Khaki Campbell hatchings occur througout the year. Check back. There are also drakes available for that special ""holiday dinner".
The Khaki Campbell is somewhat of a departure from our preference for heritage breeds. That’s not to say they are a poor choice for the homestead. Indeed, Campbells are remarkable. They are alert, sprightly birds producing over 300 eggs per year. Khaki Campbells are hardy foragers, always on the hunt for slugs, snails and worms. In fact, they’ll clear your garden of slugs and keep the mosquitoes in check as well. Don’t plan on seeing a bunch of little ducklings running around though. This breed does not get broody which is one reason they lay so many eggs.
Khaki Campbells lay white eggs that weigh about 2.5 ounces. They love water - but manage to stay in good condition even when water is only in buckets and bowls. However, like all ducks, their feathers do stay in the best waterproof condition when they have bathing water. You don't need a pond for ducks, but so much the better if you have one. Even a sunken bathtub will do, but make sure there's a shallow end so the ducklings can get out again, or they could drown. Don't let ducklings swim until they're a few days old.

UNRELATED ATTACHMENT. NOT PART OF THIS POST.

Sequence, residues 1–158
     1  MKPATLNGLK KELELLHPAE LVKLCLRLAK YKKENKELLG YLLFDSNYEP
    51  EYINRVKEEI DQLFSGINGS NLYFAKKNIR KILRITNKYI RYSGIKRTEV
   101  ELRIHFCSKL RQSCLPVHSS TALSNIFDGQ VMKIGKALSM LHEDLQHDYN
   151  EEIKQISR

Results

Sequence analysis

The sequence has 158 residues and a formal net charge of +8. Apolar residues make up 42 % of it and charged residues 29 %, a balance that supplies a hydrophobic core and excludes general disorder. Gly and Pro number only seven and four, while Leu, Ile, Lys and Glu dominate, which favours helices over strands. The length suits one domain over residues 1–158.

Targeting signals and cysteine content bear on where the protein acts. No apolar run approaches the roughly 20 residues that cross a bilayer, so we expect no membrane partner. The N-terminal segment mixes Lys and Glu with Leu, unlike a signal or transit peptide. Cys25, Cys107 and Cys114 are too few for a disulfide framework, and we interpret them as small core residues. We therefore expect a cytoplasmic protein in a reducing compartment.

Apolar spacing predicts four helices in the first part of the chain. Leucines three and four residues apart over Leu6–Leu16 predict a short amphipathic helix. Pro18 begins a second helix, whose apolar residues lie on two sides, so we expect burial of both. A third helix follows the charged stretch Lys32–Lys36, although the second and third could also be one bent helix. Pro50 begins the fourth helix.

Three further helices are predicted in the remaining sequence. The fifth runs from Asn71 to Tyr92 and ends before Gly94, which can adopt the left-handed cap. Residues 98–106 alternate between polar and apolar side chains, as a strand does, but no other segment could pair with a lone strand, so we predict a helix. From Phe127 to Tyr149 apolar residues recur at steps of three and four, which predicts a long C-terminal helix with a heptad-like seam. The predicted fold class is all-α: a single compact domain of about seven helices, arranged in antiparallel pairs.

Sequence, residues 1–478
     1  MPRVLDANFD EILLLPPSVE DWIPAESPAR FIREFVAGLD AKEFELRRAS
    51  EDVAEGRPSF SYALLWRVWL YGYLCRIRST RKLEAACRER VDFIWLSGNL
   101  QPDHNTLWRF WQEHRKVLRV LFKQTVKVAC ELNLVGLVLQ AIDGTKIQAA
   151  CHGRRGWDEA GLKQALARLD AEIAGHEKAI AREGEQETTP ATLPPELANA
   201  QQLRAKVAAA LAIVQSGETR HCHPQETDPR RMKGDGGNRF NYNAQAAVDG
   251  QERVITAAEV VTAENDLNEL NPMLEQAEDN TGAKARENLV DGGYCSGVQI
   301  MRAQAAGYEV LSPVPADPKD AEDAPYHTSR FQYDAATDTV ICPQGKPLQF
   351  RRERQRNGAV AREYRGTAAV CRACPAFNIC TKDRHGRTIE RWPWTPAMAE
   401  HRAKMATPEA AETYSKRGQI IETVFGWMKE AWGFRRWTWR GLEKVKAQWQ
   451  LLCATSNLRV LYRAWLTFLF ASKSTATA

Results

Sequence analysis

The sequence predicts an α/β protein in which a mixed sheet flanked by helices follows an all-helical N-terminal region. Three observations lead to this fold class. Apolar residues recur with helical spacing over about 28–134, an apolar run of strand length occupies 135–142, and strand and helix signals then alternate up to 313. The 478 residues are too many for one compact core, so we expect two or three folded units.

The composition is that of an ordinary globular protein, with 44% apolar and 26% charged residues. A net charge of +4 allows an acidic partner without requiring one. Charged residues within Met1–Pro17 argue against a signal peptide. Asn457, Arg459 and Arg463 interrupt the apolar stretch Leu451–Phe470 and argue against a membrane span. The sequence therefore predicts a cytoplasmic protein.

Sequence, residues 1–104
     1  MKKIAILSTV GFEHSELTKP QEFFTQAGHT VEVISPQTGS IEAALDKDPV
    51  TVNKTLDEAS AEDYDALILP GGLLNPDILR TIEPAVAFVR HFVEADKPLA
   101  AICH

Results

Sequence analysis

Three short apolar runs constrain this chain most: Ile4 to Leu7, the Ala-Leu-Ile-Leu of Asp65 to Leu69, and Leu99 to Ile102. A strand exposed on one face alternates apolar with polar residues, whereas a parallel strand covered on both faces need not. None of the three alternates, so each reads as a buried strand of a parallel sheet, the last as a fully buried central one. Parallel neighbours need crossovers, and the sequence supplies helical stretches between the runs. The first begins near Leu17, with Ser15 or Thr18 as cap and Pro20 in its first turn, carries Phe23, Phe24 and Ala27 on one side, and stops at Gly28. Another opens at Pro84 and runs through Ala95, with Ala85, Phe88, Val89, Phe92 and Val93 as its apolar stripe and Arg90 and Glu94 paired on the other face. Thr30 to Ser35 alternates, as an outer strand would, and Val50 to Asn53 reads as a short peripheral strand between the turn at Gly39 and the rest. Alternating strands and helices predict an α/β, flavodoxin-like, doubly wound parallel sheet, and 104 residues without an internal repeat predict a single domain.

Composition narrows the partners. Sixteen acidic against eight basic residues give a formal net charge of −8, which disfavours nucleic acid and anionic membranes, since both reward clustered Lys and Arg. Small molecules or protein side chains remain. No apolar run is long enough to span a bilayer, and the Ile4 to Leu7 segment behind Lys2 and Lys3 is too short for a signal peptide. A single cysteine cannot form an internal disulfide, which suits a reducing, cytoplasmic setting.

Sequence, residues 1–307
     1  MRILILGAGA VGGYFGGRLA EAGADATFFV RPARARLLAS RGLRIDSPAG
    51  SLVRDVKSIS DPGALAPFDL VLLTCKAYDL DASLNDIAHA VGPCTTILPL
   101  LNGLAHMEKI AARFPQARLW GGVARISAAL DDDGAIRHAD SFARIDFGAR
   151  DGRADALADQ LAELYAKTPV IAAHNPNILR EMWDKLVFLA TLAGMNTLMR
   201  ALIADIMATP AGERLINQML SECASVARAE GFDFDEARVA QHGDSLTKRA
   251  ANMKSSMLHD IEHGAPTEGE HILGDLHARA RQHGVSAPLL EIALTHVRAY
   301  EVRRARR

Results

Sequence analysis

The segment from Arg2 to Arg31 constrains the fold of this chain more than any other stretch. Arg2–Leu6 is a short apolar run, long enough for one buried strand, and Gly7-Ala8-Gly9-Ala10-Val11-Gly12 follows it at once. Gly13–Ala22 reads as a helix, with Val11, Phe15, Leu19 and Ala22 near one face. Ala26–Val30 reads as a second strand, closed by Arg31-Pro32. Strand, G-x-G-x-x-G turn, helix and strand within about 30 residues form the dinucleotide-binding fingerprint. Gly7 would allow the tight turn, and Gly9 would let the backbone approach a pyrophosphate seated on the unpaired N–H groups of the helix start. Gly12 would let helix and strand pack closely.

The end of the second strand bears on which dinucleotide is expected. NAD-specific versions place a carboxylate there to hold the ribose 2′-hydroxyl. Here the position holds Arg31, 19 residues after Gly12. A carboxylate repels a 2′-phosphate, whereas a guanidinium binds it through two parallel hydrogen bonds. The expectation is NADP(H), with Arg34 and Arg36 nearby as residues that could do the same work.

Mrs Adele Campbell of Uley, Gloucester created the Khaki Campbell Duck. She heard of an Indian Runner Fawn&white duck which had laid 182 eggs in 196 days, and purchased this prolific bird to mate with a Rouen. The result was a breed which could be relied upon to produce an average of 200 eggs per year. In addition to the Indian Runner and Rouen, wild duck (mallard) was also used to make the breed more hardy.
So why duck eggs? They are larger than chicken eggs, have a larger yolk, and are not as watery. The protein and fat content is much higher than chicken eggs making everything you bake rise surprisingly well while giving a lighter and fluffier texture even to cornbread.
Did you know? Most people allergic to chicken eggs can still eat duck eggs! Of course, verify with your Doctor that you are one of those people.
Khaki Campbell Duck -- General information from the Poultry Breeds site at Oklahoma State University: